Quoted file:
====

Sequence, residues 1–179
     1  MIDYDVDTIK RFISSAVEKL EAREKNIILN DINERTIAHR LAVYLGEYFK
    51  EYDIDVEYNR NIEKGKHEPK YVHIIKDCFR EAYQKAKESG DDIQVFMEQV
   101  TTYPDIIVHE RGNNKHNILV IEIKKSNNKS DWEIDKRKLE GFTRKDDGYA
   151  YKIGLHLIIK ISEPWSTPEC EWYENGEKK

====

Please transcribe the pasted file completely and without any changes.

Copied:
Sequence, residues 1–179
     1  MIDYDVDTIK RFISSAVEKL EAREKNIILN DINERTIAHR LAVYLGEYFK
    51  EYDIDVEYNR NIEKGKHEPK YVHIIKDCFR EAYQKAKESG DDIQVFMEQV
   101  TTYPDIIVHE RGNNKHNILV IEIKKSNNKS DWEIDKRKLE GFTRKDDGYA
   151  YKIGLHLIIK ISEPWSTPEC EWYENGEKK